RW: Would you say that in the idea of the barbarian there’s also the idea of the atavistic, more instinctive, self inside of us which is still in closer contact with life itself?
PK: Absolutely–except that I wouldn’t say “in closer contact with life” because it is life. That is the life inside us. I think we need to come to grips with the strange-sounding possibility not just that a part of us is in contact with life, but that there’s a part of us that is life.
RW: I love that formulation. And I can tie it back to what struck me so deeply about your writing, which is that it involves such an expansion of how we regard the sources of knowledge. In our era we regard everything from a standpoint of exteriority, even ourselves. What’s lost is interiority, including the idea that there is some deep source of meaning–life–that comes to us via interiority. In fact today it seems almost a point of honor to feel it would be weakness to think there’s something like meaning or purpose in the nature of things.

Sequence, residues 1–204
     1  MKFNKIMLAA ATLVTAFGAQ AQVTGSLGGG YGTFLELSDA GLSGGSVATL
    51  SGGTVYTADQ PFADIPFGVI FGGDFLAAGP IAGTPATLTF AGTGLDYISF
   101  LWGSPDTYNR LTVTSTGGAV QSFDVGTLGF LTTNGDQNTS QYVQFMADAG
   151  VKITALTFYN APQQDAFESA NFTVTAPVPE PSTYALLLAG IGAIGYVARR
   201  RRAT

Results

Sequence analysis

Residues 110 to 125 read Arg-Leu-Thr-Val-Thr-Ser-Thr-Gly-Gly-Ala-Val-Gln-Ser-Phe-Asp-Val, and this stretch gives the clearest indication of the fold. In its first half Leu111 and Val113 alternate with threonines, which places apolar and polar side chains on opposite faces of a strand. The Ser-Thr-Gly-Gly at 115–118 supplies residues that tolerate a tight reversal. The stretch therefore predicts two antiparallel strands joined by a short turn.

PK: The truth is that the further we drift from purpose, the further away we drift from life. And the more life we destroy outside ourselves, the more we lose a sense of inner purpose because purpose and life are absolutely inseparable. Each of us has come into existence as a human being for a purpose. There is a very specific purpose to the culture we live in. All these purposes are interrelated and interweave and are fundamentally one. And everything we do either brings us closer to our own innate purpose or takes us further away–further from life and from ourselves.
RW: Isn’t it a killing thing not to have a feeling that there is a purpose?
PK: Yes. It’s murder. We’re in a terrible state.